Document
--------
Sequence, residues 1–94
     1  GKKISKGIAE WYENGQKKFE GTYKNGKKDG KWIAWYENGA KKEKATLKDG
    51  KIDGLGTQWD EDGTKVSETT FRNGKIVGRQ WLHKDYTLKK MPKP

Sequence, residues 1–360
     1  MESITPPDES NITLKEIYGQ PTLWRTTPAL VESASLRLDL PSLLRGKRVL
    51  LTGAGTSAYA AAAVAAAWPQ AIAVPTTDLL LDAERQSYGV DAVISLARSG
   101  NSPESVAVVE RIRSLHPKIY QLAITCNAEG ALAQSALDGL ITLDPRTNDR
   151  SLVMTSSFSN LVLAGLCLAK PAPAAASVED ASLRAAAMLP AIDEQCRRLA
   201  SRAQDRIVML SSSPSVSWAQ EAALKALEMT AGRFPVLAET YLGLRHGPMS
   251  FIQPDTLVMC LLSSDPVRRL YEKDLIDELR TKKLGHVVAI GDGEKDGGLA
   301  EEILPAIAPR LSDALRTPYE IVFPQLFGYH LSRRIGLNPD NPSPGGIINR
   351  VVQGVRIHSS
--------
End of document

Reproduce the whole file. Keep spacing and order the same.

Sequence, residues 1–94
     1  GKKISKGIAE WYENGQKKFE GTYKNGKKDG KWIAWYENGA KKEKATLKDG
    51  KIDGLGTQWD EDGTKVSETT FRNGKIVGRQ WLHKDYTLKK MPKP

Sequence, residues 1–360
     1  MESITPPDES NITLKEIYGQ PTLWRTTPAL VESASLRLDL PSLLRGKRVL
    51  LTGAGTSAYA AAAVAAAWPQ AIAVPTTDLL LDAERQSYGV DAVISLARSG
   101  NSPESVAVVE RIRSLHPKIY QLAITCNAEG ALAQSALDGL ITLDPRTNDR
   151  SLVMTSSFSN LVLAGLCLAK PAPAAASVED ASLRAAAMLP AIDEQCRRLA
   201  SRAQDRIVML SSSPSVSWAQ EAALKALEMT AGRFPVLAET YLGLRHGPMS
   251  FIQPDTLVMC LLSSDPVRRL YEKDLIDELR TKKLGHVVAI GDGEKDGGLA
   301  EEILPAIAPR LSDALRTPYE IVFPQLFGYH LSRRIGLNPD NPSPGGIINR
   351  VVQGVRIHSS